It gently snowed as we sat over looking the harbour with our coffees. Well it’s always gentle when you’re watching from indoors The coffee was good.  They certainly seem to understand coffee around here. There is something quite perverse that the further you get from a place that you can grow coffee, the more you ritualise it.   Exciting meals did not stop at Hofnin, however my notes have fallen away as my stomach enlarged. I feel kind of guilty about this, because I cannot name these exotic combinations served by ‘The Fish Restaurant’s’ guest chef Adam Dahlberg during the Reykjavic Food festive. You will not guess at the ingredients without the menu, but please enjoy the pictures:

  

  

  

I very much recommend Iceland as a place to go to just for the good food, at a good price. There is something very intelligent about the Icelandic approach to tourism. they do not miss a single trick to make money, but none of it is arch, pushy and all done with impeccable politeness. you tend not to find, for example, that you have been tricked into unneceessary expenditure.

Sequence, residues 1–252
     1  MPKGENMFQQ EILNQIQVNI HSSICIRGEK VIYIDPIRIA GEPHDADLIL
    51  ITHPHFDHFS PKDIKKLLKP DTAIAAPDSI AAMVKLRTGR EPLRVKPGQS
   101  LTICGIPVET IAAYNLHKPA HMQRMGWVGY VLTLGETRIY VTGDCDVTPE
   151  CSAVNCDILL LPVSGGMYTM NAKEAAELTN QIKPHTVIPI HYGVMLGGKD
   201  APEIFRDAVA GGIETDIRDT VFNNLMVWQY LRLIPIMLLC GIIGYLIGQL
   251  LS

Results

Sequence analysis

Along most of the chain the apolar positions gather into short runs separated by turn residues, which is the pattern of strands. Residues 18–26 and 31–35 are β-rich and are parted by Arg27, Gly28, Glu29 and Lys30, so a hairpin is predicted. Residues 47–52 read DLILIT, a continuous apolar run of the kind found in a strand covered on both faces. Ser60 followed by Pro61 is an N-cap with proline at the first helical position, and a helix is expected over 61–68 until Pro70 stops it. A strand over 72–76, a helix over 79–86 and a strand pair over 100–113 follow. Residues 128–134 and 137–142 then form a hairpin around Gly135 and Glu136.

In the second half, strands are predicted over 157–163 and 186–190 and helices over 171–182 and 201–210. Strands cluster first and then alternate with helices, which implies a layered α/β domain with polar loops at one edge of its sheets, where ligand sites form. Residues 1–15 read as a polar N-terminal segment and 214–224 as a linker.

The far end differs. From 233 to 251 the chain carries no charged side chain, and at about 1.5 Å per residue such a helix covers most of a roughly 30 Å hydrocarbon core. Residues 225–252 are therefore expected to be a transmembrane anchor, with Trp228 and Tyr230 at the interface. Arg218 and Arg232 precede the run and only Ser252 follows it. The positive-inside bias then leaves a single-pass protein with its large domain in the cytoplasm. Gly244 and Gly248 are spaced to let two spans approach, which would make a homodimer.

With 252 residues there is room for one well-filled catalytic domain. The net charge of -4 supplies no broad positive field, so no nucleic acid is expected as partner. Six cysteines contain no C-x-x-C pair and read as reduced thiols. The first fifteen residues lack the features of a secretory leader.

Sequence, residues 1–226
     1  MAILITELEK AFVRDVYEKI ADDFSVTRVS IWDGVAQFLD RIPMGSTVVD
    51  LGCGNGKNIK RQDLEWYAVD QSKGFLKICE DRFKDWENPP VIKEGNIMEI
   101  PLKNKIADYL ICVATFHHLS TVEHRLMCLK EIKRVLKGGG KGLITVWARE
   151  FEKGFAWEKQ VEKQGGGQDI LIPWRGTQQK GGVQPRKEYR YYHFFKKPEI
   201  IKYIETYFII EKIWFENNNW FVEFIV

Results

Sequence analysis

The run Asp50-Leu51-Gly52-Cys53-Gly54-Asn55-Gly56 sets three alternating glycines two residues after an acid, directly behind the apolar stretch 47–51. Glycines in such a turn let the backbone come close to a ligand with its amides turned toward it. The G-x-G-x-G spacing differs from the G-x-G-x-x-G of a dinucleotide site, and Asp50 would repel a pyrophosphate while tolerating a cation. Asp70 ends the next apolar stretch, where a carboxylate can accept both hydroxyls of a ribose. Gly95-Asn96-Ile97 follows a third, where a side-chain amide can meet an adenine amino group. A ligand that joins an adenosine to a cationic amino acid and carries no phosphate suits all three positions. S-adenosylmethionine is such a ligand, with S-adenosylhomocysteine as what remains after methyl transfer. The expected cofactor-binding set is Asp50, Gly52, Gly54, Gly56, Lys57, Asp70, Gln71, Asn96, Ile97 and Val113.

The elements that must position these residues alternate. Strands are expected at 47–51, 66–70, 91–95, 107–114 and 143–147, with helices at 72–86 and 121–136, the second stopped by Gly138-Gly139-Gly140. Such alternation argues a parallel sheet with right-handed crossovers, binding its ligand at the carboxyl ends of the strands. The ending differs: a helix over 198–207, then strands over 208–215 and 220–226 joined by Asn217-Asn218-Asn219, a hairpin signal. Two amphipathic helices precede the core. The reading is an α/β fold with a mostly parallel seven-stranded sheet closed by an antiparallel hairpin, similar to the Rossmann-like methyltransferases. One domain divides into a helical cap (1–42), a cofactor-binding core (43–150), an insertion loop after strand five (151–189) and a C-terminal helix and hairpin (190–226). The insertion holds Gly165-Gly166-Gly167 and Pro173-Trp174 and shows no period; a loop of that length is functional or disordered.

No, I mean Iceland the country, not the supermarket, and you are about the 57th person to make that joke. it’s not funny anymore.

Is there anything as rustically beautiful as an Oyster?

A review of the Oyster and Steak Bar in Waitrose Canary Wharf.

I know you don’t come here for reviews of supermarkets, but even if you find them very boring you will be in them very often. It’s not reasonable to expect me not to have an opinion no them when I eat from them so frequently.

I think we were shopping in John Lewis, which was why we ended up in Waitrose Steak and Oyster Bar. We were entangled in a rather expensive affair about the wrong type of wine glasses in the right boxes at a till on the upper levels that made us want to sit down and relax relatively soon.

To be honest, the view when coming to sit down was a little grubby. This was a late lunch, but it seemed that no one had cleaned up before the visitors preceding us. The menus were also a little wrinkled. The other disappointing thing about the menus, was the lack of a steak and oyster combination. I mean, maybe steak and oyster isn’t ‘a thing’, but it becomes ‘a thing’ in your head when you go to a bar that is called a steak and oyster bar. There was a degree of surf and turf, but it featured lobster rather than oysters.

So we ordered 6 oysters to share. Followed by steak. This seemed the only appropriate response to the crisis.

Is there anything as rustically beautiful as an Oyster? If I tried to paint one with photographic perfection, it would still look like I had messed up the paints.  And these oysters were pure seaside. I always put the proffered lemon or chilli on them, and then decide that really they are best eaten just alone.